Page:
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A Justice League Review – Lessons Learned

TITLE: Justice League
STARRING: Ben Affleck, Henry Cavill, Amy Adams, Gal Gadot, Ezra Miller
DIRECTOR: Zack Snyder
STUDIOS: Warner Bros. Pictures, DC Films, RatPac Entertainment, Atlas Entertainment, Cruel and Unusual Films
RATED: PG-13
RUN-TIME:
 120 min
RELEASED: November 17, 2017

***WARNING: Spoilers lay ahead.***

By Rob Siebert
Editor, Fanboy Wonder

Justice League is a standard superhero popcorn flick. It’s nowhere near as dark, dreary, and generally abysmal as Batman v Superman. But it also doesn’t accomplish anything remotely special. It’s about a team of heroes coming together to fight a villain with a doomsday plan. Been there, done that. Several times, actually. So what we get comes off completely and utterly average.

After all these years, the first Justice League feature film is just average. What an awful, heartbreaking waste…

The plot is basic enough to surmise from the advertising. As the world continues to mourn the death of Superman, we’ve got a new big bad in town. Steppenwolf, a tyrant from the hellscape world of Apokalips, has returned to Earth after thousands of years with his army of Parademons in tow. He aims to conquer the world using the immense power of three “Mother Boxes.” Batman and Wonder Woman prepare to meet this invasion head on by assembling a team of super-powered heroes. The Flash, Cyborg, and Aquaman are all called to action. But in the end, they won’t be enough. For this new team to triumph, Superman must return…

Trust me, it’s a lot more exciting on paper than it is on screen.

Justice League is the culmination of the years-long comedy of errors that is the “DC Extended Universe.” Man of Steel was an adequate start, flawed as it was with it’s dreary look and overindulgent third act. It was followed by the downright dour Batman v Superman, which robbed its characters of almost any charm, heart, or likability. Suicide Squad wasted arguably pop culture’s most iconic supervillain in the Joker, but managed to be fun in a mindless hot mess sort of way. Wonder Woman was the exception that made the rule. It felt like a single vision, with purpose, heart, and passion put into it.

And so, on one the most rickety foundations in cinematic history, Justice League was built. Like Suicide Squad before it, this movie feels like a melting pot of visions, voices, and priorities clumped together to form a viable commercial product. Our director is once again Zack Snyder. But with their confidence shaken from the backlash to Batman v Superman, Warner Bros. brought in Avengers director Joss Whedon to reshape the script. Thus, we have a Joss Whedon superhero movie taking place in Zack Snyder’s grim DC Universe, under the management of a studio desperate to compete with Marvel at the box office. Hot damn! Sign me up!

One of the major missteps in Justice League is it’s choice of villain. DC Comics lore is full of baddies worthy of challenging Batman, Superman, and Wonder Woman. Darkseid is the obvious choice. But you’ve also got big cosmic villains like Brainiac, Mongul, and Despero. Professor Ivo and the Amazo android could have made for an interesting story. Hell, team Lex Luthor up with the Joker! It sure as hell beats Steppenwolf…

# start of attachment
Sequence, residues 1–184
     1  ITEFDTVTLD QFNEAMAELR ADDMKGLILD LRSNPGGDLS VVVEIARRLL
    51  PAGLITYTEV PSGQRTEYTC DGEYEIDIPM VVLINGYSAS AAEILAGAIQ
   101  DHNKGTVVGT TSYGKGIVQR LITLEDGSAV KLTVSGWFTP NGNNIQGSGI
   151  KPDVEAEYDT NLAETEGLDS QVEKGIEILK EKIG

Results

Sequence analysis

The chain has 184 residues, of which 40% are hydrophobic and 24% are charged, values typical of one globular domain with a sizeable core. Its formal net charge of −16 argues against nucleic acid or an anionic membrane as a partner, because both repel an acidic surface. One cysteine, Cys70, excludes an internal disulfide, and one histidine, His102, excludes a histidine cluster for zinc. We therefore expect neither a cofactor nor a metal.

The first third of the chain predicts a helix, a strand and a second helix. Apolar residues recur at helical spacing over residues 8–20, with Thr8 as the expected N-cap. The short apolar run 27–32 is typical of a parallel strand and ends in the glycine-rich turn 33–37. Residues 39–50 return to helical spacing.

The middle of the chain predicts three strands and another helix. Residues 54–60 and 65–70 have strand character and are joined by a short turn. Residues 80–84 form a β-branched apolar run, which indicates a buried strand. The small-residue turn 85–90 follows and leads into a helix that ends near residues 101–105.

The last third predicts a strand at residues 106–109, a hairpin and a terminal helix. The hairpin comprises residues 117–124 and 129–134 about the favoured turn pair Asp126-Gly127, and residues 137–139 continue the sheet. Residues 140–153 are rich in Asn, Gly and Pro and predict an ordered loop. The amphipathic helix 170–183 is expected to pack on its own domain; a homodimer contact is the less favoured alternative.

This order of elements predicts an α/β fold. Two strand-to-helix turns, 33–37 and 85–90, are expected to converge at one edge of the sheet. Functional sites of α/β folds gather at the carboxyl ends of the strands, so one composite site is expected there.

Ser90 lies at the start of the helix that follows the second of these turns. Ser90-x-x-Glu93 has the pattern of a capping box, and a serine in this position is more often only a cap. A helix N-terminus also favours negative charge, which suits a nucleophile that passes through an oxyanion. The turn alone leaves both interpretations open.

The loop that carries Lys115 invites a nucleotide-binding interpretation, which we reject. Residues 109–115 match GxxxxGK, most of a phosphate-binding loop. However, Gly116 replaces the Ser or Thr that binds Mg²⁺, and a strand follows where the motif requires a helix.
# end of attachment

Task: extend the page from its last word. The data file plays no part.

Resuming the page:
Yes, Steppenwolf. A second-rate, paper-thin, poorly rendered Darkseid stand-in with an army of space bugs, a silly name, and a generic doomsday plot. This is who they came up with to face the Justice League in their debut feature film. Strictly from a cynical marketing standpoint, how the hell to you pass up slapping Darkseid, Brainiac, or Lex Luthor on t-shirts and posters, and instead opt for someone called Steppenwolf?

Justice League cost a whopping $300 million to make. That’s astounding, considering our CGI-rendered Steppenwolf looks like he was done in the late ’90s. It’s not just him, either. It’s been well documented that reshoots were done with a mustached Henry Cavill. The movie’s opening sequence wasn’t even over before Mrs. Primary Ignition turned to me and asked, “What’s up with Superman’s mouth?” Certain shots in Batman’s introduction are also extremely fake looking. Makes you wonder what the hell happened to good old fashioned stunt doubles and prosthetic make up…

Superman has a certain aura of reverence in this movie. Had that been earned or established in Man of Steel or Batman v Superman, that would have been fantastic. I’ve always been a proponent of Superman being the center, or at least part of the center, of the DC Universe. He’s certainly its moral backbone. But all this mourning we see over Superman doesn’t match the controversial figure we saw in Batman v Superman. Yes, some people loved him. But he was also the subject of protests and a congressional hearing. Lois Lane, Batman, Wonder Woman, and those who knew Superman have a reason to miss him. But based on what we saw before, there’d be a large contingent of people who’d be glad Superman died.

So now that I’ve sufficiently ripped Justice League apart, what’s there to like? What did they get right? Believe it or not, all was not lost from the get go…

Unlike in Batman v. Superman, almost all of our heroes are likable. Superman knows how to smile. Wonder Woman is compassionate, but still fierce. I’ve never needed a lot of selling on Ben Affleck’s Batman. Joss Whedon’s influence in the movie is obvious when the Dark Knight gets in a quip or two. Ezra Miller plays a socially inept Flash, who provides much of the comic relief. His costume looks absolutely ridiculous. But there’s a certain charm to him. Jason Momoa’s Aquaman is surprisingly okay as a dude bro. For a team flick, it works fine. Granted it’s not the approach I would have gone with, and they’ll obviously need to deepen his character for the Aquaman solo movie. Assuming that’s still in the pipeline after all this.